Debbie Reid returned to her car in a county commuter parking lot after a long day's work recently and made discouraging discovery: a $35 parking citation under the wiper blade.
The Columbia woman has taken a commuter bus to her job in Washington for the past 10 years. But the commuter parking lots have gotten so crowded in the mornings that she sometimes parks illegally along a curb in the lot at Broken Land Parkway and Route 32.
"It's terrible," Reid, 59, said Wednesday evening, in the same lot where she was ticketed. "Some days, it's just unusually crowded."
As gas prices continue to climb, more Howard County residents are finding alternative ways to get to work. Regular riders say that in the past six months to a year, the commuter buses to Montgomery County and Washington have been noticeably more crowded in the mornings.
That also means that more people are parking in commuter lots. In response, county officials are drafting a plan to increase the number of parking spaces at the lots and take steps to encourage more environmentally friendly means of transportation.
The move is in response to a petition with about 140 names that was submitted by a county resident seeking that something be done about the overcrowded lots.
Howard County Executive Ken Ulman said that he has asked that the plan be put together in the next two weeks to increase the size of the lot at Snowden River Parkway and Route 175 "dramatically." The plan would add 50 spaces, said county spokesman Kevin Enright. The lot has 210 spaces now.
Though the lots are state-owned, the county is willing to pay for the changes so that they can be completed in the next few weeks, Ulman said.
"The issue from my perspective is that gas prices are over $4," he said. "This is the time that we should be encouraging mass-transit ridership and finding more opportunities to increase that ridership in any way we can."
The State Highway Administration has given the county permission to install bike racks at the Snowden River lot, Ulman said, and the county's Department of Public Works has agreed to hasten a project approved in the capital budget to close a gap in the sidewalk leading up to the lot so that people can walk to it.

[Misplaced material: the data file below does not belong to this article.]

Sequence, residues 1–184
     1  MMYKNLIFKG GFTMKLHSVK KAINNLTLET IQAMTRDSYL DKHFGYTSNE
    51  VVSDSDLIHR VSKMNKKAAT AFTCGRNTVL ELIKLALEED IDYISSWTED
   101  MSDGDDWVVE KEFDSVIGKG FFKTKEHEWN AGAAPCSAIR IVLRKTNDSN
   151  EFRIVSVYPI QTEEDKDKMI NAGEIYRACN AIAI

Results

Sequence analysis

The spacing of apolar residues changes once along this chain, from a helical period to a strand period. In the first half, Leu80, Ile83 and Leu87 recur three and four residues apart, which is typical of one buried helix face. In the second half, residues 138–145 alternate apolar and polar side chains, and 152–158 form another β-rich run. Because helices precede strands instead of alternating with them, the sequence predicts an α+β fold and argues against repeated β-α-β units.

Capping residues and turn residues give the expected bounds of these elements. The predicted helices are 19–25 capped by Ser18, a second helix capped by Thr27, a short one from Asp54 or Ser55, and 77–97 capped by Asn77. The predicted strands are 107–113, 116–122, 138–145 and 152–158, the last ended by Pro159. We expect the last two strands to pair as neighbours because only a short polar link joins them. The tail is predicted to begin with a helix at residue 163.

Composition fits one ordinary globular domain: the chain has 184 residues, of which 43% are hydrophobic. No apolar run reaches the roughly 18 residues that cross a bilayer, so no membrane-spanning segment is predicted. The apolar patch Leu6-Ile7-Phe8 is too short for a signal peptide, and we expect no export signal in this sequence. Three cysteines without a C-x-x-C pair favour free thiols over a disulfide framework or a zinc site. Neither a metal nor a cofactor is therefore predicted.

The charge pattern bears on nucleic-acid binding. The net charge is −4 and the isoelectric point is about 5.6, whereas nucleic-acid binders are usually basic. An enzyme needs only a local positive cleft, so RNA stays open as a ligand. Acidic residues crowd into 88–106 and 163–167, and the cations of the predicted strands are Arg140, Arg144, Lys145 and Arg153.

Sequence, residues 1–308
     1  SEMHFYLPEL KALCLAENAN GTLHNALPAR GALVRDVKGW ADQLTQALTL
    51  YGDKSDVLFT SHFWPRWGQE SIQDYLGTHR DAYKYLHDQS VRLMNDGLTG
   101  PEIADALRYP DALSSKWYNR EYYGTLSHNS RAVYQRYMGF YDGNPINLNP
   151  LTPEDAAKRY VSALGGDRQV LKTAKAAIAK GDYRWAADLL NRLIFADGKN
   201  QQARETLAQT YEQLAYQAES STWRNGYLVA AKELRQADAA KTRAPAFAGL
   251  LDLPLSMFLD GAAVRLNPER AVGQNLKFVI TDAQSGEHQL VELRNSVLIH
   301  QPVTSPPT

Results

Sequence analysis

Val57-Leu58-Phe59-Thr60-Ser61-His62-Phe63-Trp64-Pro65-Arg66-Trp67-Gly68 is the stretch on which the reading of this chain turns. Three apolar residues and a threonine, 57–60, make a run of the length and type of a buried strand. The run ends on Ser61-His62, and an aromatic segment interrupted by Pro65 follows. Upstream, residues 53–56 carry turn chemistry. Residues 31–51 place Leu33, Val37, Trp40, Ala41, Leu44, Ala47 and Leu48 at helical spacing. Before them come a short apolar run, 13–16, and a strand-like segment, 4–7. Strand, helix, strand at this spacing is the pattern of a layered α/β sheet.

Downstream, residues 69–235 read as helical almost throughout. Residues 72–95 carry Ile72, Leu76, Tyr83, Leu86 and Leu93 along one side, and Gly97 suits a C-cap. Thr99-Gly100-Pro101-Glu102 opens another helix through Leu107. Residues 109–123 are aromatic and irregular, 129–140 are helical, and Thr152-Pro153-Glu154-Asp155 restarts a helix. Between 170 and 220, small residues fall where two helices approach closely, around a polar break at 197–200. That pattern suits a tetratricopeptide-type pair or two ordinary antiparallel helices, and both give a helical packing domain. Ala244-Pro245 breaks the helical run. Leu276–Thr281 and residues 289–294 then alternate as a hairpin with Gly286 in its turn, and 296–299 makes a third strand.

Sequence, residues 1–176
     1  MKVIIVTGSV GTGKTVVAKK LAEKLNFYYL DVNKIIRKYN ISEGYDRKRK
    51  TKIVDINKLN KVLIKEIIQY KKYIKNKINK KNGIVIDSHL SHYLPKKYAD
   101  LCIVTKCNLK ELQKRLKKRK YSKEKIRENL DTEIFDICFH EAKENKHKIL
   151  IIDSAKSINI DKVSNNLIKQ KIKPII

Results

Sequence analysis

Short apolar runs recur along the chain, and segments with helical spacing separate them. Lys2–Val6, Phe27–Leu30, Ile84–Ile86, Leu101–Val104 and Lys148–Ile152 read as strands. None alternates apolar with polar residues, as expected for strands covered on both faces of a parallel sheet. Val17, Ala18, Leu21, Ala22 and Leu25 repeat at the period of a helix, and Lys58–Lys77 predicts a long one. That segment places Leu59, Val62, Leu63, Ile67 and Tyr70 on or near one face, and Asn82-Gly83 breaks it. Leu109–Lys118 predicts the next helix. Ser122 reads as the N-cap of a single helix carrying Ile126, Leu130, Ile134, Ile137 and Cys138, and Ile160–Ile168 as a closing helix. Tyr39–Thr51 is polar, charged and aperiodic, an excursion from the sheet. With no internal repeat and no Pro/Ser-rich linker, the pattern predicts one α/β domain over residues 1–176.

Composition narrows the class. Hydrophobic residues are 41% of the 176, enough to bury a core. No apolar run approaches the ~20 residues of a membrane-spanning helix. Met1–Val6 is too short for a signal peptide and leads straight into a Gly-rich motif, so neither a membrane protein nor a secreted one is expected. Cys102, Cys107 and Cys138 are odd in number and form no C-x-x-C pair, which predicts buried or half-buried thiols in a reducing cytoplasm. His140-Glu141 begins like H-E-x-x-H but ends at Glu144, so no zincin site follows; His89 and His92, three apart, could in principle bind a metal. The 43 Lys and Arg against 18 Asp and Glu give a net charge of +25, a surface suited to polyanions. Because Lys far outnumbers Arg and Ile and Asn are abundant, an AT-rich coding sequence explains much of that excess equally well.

Ulman said he has also requested a survey of all commuter lots in the county.
"I completely sympathize with people that are taking the commuter buses," Ulman said. "The last thing I want is someone to get a ticket when they're trying to take the bus, but the rules are the rules.
"The silver lining is that [gas prices] are forcing people to think more about their behaviors and driving patterns."
Ulman added that although he is aware that much of the overcrowding occurs at the two Broken Land Parkway lots, which each have more than 300 parking spaces, there are fewer short-term options there because of a lack of surrounding space to add parking. He said, however, that the county will work with the state to consider altering bus routes to accommodate the commuter traffic at Broken Land.
"Creating additional capacity at Snowden and 175 can also help alleviate the situation at Broken Land," Ulman said.
County Councilman Greg Fox said he received a parking ticket at one of the Broken Land Parkway lots Tuesday after he parked illegally because all the spots were taken by the time he got there at 7:45 a.m. He was meeting colleagues to carpool.
"If we're out there encouraging people to carpool ... and then we're out ticketing them, it's a little bit ironic," Fox said. "It shows me how many people are commuting outside of the county to go to work and how we need to focus on getting jobs inside the county."
Ulman said that although he encourages people to carpool, the commuter lots are not meant for that purpose.
"When you're taking the commuter bus, you really don't have too many options," he said. "You can't park down the road or in a shopping center."
In the meantime, despite the lack of space, many commuters are not discouraged from parking.
On Wednesday afternoon, for example, 25 cars were parked illegally in one of the Broken Land lots, while the other was filled.
"If you've got to go to work, you've got to work," Reid said.